Credit: Errol Rainey/Wales Bonner

Credit: Errol Rainey/Wales Bonner

Was part of that thinking — imbuing cloth with emotion — also an effect of the Covid-19 pandemic?

I guess, right now, we have a closer relationship with our clothing. We’ve spent more time with it, or at least, we’re more aware of it by proximity. This idea of comfort and how you feel with something against your skin is something I’ve definitely been thinking about. And that’s manifested in this collection, with soft constructions, the linen sleeves, and linen backs on tailored jackets. They’re quite packable and not precious. Ultimately, I think a sense of ease and freedom has surfaced. It’s about versatility in the clothing, moving in the clothing, or dancing in the clothing.

How has your design discipline evolved over the past few years?

What I’ve been thinking about lately is this idea of range, from an accessible entry point to a collection (in my case, collaborating with Adidas) to something that’s really artisanal and unique. I really enjoy the freedom in being able to sublimate those layers into something that fits together — and how those layers might enhance one another. Looking at the entire ecosystem, so to speak.

How are you revealing Spring/Summer 2022?

There is a look book and a film shot in Marseilles, France by Joshua Woods, who is an African American photographer based in Paris. There’s also a playlist we worked on that contextualizes the collection with the music scene in Burkina Faso in the 1960s and 1970s. The collection is called Volta Jazz, so this is a key element (Burkina Faso was once known as Upper Volta). We also worked on a poster series with Sory Sanlé, and there’s a collaborative portion in the collection, as well. He had this uniform for anyone that worked in his studio. So, we had that replicated on the back of T-shirts.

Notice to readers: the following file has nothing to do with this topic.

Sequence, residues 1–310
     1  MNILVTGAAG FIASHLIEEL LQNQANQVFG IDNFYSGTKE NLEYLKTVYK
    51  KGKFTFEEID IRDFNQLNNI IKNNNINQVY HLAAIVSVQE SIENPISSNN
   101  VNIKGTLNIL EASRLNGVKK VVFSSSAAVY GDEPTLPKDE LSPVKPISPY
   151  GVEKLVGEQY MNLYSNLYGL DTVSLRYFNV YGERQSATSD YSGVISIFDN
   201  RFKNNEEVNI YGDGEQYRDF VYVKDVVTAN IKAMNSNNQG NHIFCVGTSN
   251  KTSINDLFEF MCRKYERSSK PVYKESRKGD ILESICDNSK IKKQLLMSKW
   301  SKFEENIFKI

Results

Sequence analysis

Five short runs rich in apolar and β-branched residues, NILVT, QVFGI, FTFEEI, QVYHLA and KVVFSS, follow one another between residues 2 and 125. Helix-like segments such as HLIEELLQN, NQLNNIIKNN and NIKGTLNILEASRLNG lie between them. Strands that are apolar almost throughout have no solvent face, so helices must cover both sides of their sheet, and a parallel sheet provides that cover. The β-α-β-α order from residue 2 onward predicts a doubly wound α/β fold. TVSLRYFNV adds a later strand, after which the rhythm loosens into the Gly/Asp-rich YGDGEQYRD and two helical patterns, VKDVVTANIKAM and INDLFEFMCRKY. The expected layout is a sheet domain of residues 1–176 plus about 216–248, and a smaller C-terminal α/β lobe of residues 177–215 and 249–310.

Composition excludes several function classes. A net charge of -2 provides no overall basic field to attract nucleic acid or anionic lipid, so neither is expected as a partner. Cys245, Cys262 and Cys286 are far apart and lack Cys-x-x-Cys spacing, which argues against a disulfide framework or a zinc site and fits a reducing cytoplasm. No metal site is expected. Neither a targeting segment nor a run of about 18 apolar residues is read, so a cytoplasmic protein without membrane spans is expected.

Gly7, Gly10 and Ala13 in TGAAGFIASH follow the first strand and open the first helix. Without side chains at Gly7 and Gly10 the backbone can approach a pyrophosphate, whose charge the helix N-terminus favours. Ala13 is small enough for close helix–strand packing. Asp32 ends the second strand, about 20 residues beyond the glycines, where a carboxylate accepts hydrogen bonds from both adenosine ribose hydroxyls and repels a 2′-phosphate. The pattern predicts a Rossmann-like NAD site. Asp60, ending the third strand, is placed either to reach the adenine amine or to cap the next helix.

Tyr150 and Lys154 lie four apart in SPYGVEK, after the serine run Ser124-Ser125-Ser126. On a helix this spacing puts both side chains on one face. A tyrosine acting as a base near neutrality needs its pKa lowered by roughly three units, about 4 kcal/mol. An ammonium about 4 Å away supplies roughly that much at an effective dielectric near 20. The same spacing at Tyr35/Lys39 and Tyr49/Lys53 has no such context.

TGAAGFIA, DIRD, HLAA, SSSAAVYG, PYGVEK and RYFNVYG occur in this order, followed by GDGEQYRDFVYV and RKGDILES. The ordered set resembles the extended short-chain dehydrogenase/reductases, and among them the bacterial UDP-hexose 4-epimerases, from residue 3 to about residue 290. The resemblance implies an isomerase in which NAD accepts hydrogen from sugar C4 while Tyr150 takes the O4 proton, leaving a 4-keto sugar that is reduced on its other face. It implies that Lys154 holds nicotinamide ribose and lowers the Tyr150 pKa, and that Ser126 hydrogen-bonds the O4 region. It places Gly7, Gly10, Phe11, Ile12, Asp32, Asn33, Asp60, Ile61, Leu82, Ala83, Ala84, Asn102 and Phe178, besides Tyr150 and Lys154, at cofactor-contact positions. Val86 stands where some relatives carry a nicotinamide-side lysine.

Credit: Errol Rainey/Wales Bonner

Credit: Errol Rainey/Wales Bonner

What does the future of fashion look like to you?

I think things are moving in quite an exciting direction in menswear and fashion. Right now, you have to have a really strong reason to exist. You have to have meaning. That’s what I am excited to see more of going forward, and I think you see it reflected already. Things needs to stand for something very strongly, both visually and culturally. This is bringing out the best in a lot of designers, and the audience is responsive—they’re valuing expression and beauty. I think that’s what people will continue to celebrate.

What do you think will never change in the menswear arena?

I think the importance of tailoring will always be around. I can’t see that going anywhere. Tradition, as well. And craftsmanship. Being able to speak to the longstanding history of menswear and men’s clothing is incredibly important.

You mentioned a more pronounced focused on materials research. What, in this regard, is compelling?

I’m excited that there’s a lot more opportunity to work with sustainable fabrics. They’re more accessible than ever. And, as I said, I’ve concurrently been thinking about sentiment—and how to create fabrics that reflect feelings. The emotional quality of fabric is something I’m most excited about. It’s a way to further use fabric as a manner of communicating.